Tuesday, October 4, 2016

"The past is always new;

as life proceeds it changes, because parts of it that may have once seemed to have sunk into oblivion rise to the surface and others vanish without a trace because they have come to have such slight importance. The present conducts the past in the way a conductor conducts an orchestra. It wants these particular sounds, or those – and no others. That explains why the past may at times seem very long and at times very short... The only part of it that is highlighted is the part that has been summoned up to illumine, and to distract us from, the present.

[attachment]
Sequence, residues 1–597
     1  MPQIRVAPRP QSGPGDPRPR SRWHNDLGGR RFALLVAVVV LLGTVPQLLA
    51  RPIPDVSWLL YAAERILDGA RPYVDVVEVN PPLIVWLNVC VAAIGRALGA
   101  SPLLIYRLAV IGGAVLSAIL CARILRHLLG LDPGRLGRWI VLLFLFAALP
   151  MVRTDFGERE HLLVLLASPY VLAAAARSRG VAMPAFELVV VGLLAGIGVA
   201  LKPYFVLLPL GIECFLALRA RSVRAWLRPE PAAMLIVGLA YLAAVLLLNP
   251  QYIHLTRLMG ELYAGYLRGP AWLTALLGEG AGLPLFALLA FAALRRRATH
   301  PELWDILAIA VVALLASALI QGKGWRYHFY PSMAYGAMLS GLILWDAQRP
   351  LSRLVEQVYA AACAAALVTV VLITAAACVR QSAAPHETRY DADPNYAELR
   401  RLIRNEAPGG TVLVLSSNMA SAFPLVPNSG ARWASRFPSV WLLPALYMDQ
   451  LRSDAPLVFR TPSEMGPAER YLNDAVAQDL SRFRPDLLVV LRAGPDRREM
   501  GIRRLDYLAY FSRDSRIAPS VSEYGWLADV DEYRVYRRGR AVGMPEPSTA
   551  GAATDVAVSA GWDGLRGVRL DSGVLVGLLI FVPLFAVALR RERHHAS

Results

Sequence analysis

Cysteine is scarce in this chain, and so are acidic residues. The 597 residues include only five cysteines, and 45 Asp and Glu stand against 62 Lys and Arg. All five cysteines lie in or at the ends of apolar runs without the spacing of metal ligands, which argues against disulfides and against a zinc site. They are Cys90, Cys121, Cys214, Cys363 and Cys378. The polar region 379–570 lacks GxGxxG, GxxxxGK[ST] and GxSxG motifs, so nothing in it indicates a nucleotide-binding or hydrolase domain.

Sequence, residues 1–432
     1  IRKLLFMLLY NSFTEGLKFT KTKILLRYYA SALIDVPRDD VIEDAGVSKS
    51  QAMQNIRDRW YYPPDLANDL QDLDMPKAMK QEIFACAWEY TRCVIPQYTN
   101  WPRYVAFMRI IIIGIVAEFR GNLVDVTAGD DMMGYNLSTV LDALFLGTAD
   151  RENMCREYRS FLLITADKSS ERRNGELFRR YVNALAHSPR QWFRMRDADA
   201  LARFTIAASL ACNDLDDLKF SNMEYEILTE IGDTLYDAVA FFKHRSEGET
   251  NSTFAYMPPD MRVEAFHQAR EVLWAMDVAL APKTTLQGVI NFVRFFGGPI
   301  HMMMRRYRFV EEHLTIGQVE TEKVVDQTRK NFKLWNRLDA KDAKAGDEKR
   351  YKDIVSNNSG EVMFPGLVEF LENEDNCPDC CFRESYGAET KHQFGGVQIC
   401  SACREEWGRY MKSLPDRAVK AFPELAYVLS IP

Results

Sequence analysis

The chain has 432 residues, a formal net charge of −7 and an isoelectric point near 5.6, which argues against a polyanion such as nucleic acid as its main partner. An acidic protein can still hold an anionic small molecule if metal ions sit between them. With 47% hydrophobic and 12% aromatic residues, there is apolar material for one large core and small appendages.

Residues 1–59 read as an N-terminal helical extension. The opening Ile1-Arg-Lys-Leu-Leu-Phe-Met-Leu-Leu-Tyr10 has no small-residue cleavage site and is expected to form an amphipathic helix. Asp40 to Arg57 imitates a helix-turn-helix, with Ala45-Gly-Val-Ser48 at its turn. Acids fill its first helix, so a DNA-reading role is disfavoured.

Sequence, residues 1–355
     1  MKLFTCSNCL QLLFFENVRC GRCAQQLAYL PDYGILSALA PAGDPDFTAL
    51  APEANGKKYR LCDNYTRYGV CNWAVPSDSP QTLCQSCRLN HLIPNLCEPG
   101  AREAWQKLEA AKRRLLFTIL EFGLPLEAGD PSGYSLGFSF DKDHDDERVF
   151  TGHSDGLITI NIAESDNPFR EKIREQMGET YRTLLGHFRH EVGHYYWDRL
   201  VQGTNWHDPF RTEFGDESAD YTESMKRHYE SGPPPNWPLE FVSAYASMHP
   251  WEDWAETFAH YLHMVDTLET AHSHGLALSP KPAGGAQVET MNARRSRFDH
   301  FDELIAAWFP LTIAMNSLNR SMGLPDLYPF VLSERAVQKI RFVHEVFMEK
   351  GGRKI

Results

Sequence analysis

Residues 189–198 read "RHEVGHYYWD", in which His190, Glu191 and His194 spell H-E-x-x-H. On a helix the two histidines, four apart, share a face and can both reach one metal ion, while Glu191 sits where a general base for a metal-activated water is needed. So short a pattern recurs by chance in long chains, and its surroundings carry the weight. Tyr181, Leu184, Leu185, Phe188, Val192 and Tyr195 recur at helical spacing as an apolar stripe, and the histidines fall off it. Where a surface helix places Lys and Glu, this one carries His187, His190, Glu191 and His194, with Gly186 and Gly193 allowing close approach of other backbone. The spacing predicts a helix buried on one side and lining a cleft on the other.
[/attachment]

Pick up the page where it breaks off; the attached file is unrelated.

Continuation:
-Italian author Italo Svevo in the 1920's. Quoted in Khaled El-Rouyaheb, Islamic Intellectual History in the Seventeenth Century: Scholarly Currents in the Ottoman Empire and the Maghreb, (Cambridge: Cambridge University Press, 2015), 202-3, who quotes it from A. Assmann, Cultural Memory and Western Civilization: Functions, Media, Archives (Cambridge: Cambridge University Press, 2011), 7–8.